The Daily Telegraph reveals that more than 100,000 small business owners and self-employed workers have joined forces to fight a Government proposal that would force them to file tax returns four times a year instead of annually.
The newspaper reports that complying with the new rules would cost these companies and individuals between 20% and 150% more in accountants’ fees, as well as heaping more red tape onto the nation’s most vulnerable firms.
An online petition created by small business owner Paul Johnson on the Government’s own portal on December 16 has been shared thousands of times on social media, and on Sunday, the petition passed 100,000 signatures, the point at which the Parliament is expected to debate the issue.
“The Conservatives are not working for small businesses in bringing such legislation but adding burden,” Mr Johnson said. “Each self-employed individual and small business will have the added burden of additional red tape, accountancy fees and potential for fines.”
The number of signatories is still rising fast, reaching 103,000 in early January.
The Government needs to respond officially to the petition but a spokesman for Her Majesty’s Revenue & Customs (HMRC) issued a rebuttal, claiming that the impact of the change had been over-exaggerated.
“These reforms will not mean that businesses have to provide the equivalent of four tax returns every year,” HMRC said. “Updating HMRC through software or apps will deliver a light-touch process, much less burdensome and time-consuming than it is today.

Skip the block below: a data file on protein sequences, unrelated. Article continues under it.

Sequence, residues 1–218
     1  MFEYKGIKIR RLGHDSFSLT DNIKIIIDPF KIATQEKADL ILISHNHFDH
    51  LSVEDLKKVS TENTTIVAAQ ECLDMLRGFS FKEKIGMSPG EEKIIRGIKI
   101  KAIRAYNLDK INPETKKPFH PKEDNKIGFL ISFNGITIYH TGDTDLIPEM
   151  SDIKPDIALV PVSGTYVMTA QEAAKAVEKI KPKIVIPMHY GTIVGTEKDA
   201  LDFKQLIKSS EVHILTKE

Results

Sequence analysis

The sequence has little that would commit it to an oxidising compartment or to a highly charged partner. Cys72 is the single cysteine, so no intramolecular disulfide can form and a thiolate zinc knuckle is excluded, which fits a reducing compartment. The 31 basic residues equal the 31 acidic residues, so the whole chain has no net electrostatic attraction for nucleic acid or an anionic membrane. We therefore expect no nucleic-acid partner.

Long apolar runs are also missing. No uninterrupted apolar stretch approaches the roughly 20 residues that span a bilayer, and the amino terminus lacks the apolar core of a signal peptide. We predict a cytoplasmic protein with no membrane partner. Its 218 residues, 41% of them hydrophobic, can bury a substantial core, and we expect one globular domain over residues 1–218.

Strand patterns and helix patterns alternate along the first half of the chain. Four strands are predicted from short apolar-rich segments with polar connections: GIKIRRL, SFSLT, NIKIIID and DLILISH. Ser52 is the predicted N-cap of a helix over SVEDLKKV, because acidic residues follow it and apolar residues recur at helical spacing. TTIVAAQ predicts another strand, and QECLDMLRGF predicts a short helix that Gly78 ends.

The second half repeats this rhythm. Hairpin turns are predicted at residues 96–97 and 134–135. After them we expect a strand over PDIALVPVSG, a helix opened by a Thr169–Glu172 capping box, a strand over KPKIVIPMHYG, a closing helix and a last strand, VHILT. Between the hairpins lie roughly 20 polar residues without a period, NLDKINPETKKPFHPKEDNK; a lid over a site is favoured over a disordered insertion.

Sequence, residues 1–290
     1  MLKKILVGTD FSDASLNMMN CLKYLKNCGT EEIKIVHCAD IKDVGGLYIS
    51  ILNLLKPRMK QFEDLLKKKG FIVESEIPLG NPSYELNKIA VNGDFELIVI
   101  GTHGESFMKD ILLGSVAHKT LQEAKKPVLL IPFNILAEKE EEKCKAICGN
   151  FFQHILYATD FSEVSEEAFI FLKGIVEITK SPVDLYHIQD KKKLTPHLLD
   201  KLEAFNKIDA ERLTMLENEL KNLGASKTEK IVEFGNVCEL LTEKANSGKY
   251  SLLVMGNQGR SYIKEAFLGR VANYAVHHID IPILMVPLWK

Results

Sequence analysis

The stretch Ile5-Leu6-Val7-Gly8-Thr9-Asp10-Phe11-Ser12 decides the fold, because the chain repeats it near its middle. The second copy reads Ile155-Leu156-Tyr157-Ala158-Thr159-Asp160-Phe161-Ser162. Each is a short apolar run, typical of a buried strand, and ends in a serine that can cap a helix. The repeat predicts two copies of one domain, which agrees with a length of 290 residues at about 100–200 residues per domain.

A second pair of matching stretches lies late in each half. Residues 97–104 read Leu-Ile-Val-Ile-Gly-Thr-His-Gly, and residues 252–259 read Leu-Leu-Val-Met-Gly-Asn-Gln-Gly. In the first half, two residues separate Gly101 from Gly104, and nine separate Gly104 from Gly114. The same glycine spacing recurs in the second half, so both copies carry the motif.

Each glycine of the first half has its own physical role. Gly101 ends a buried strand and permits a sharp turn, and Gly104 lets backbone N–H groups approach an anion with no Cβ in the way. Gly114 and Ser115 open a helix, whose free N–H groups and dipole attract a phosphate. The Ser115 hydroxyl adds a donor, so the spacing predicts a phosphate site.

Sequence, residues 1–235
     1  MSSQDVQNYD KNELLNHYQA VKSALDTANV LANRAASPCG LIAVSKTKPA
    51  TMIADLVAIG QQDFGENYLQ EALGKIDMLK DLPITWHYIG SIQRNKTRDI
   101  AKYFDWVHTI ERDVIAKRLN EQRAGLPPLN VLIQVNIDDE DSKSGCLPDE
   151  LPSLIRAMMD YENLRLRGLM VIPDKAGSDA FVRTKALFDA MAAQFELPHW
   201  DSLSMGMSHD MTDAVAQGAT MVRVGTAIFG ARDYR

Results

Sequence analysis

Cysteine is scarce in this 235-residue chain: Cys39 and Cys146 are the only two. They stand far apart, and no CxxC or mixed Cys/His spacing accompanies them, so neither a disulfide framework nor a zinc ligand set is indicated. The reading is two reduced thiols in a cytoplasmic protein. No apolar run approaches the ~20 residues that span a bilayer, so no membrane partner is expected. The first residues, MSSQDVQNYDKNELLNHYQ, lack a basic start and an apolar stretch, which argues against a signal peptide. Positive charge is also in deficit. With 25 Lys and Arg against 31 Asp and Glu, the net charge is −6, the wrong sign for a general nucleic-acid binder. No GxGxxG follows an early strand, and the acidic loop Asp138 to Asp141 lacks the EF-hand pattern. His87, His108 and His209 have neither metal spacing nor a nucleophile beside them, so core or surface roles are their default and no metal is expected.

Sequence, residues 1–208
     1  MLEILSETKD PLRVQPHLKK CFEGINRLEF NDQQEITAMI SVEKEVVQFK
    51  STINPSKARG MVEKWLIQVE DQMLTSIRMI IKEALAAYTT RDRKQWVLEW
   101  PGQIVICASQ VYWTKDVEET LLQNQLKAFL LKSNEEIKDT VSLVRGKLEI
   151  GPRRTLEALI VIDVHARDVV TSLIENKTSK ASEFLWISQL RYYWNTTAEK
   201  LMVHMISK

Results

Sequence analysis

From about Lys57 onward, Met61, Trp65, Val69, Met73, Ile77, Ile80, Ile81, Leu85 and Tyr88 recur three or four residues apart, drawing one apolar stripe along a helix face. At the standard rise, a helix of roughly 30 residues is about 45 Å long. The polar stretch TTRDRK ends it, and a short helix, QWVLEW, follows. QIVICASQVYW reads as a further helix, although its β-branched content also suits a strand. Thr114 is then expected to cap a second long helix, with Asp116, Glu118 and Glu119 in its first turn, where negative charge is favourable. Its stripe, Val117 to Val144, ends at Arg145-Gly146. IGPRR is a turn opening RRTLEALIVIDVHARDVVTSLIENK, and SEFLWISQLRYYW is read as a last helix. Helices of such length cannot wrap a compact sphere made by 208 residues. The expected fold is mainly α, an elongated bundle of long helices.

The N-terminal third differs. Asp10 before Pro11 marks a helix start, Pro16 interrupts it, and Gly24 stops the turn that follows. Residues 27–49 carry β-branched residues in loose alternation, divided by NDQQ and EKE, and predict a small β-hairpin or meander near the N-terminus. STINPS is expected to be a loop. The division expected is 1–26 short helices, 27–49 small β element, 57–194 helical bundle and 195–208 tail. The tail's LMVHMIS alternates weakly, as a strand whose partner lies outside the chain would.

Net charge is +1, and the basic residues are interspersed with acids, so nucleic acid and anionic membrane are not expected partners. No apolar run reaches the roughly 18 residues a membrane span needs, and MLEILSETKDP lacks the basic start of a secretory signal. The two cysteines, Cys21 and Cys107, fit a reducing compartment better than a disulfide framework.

“Quarterly updates will not involve all the complexity of a full tax return. The updates will be generated from existing digital business records. In most cases, little or no further entry of information will be needed. It will be much quicker to complete than the current tax return.”
In his Autumn Statement last year, the Chancellor announced plans to force small businesses and the self-employed to file their tax returns four times a year from 2018.
The Government is spending £1.3bn on the digital overhaul of HMRC to allow this “light-touch” reporting to take place.
By 2020, all self-employed workers and small businesses will have a tax profile online that is similar to an internet bank account, which keeps up-to-date records of the amount of tax paid.
Nevertheless, accountancy firms have warned that compliance costs could rise threefold, while the Forum of Private Business has calculated that micro businesses will spend an extra £600 a year in accounting fees, hitting £1,600, while companies that employ staff will see their costs rise by £500 to £3,400.
“Many taxpayers have told HMRC that they want more certainty over their tax bill, and don’t want to wait until the end of the year, or even longer, before knowing where they stand with their taxes,” HMRC said.
“We also estimate that £6.5bn in tax goes unpaid every year because of mistakes made when filling in tax returns. These reforms will make it easier for taxpayers to maintain accurate and up-to-date tax affairs, reducing the scope for error.”